A letter of "joy". Paul expresses his gratitude for the Philippians' love and material help. He declares the primacy of Christ, above all things. The epistle presents the humility of Jesus. It is also practical, cf Paul's advice to Euodia and Syntyche.


Known for its doctrine. Paul insists upon the deity and Lordship of Christ. Addresses the impact of non-Christian philosophies, including Gnosticism.


Paul's answers to some basic challenges in the church at Thessalonica. The main themes are the last days and the return of Christ, but they letters contains pithy remarks on successful Christian living.


Along with Titus, these two personal letters (to Timothy) are known as Paul's "pastoral epistles", providing teaching on Christian leadership (standards, appointments, roles, ministry challenges and advice). The letters discuss the duties and qualifications of church officers, the inspiration of the Bible, the treatment of widows and others in the church, interpersonal relationships between Christians and the expectation of a future reward in Christ.


A letter from Paul to a young Christian leader minister whom he had left in Crete to establish the church and its leadership structure. A practical epistle, it discusses everyday problems faced by leaders in the Christian community.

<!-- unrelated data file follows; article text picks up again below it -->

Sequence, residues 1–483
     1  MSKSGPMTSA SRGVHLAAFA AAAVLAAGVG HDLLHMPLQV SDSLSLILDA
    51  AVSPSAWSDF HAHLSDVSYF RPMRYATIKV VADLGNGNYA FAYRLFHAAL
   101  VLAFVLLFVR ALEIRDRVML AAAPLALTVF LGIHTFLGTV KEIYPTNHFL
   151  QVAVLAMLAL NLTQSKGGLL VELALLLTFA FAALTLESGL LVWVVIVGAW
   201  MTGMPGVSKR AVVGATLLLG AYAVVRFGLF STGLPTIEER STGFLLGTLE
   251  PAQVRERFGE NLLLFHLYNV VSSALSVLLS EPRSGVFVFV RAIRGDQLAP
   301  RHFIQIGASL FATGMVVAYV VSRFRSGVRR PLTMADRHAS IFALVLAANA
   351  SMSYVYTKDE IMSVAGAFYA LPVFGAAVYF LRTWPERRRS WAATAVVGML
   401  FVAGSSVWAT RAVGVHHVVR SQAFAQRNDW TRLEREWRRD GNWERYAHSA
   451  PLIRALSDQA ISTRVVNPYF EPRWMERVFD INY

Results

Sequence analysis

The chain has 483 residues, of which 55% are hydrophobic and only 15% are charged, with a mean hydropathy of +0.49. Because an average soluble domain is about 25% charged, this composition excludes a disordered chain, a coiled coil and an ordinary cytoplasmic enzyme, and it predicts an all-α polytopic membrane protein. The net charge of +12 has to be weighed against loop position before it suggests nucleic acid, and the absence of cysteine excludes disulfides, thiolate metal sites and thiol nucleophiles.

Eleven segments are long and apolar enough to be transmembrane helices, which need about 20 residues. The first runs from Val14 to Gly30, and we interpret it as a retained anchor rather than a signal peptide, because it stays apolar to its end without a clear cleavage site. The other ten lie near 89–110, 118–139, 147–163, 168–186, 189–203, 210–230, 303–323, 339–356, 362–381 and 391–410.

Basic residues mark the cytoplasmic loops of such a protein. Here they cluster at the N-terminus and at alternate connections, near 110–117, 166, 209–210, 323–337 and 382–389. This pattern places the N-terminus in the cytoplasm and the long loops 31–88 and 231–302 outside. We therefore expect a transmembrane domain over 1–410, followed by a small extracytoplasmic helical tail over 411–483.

Addressed to Philemon, a friend of Paul. Paul asks Philemon, the master of Onesimus, a runaway slave whom he has led to Christ in Rome, to receive him back as a brother. The epistle shows a practical demonstration of brotherhood in Christ that challenged many Roman traditions, biases and the institution of slavery.


Authorship uncertain. Written to encourage Christians under pressure not to backslide and revert to the law for salvation. Draws heavily on typology in the Old Testament to portray Jesus, who performed the perfect sacrifice for our sins. Defines and exemplifies faith and the finality of the person and work of Christ.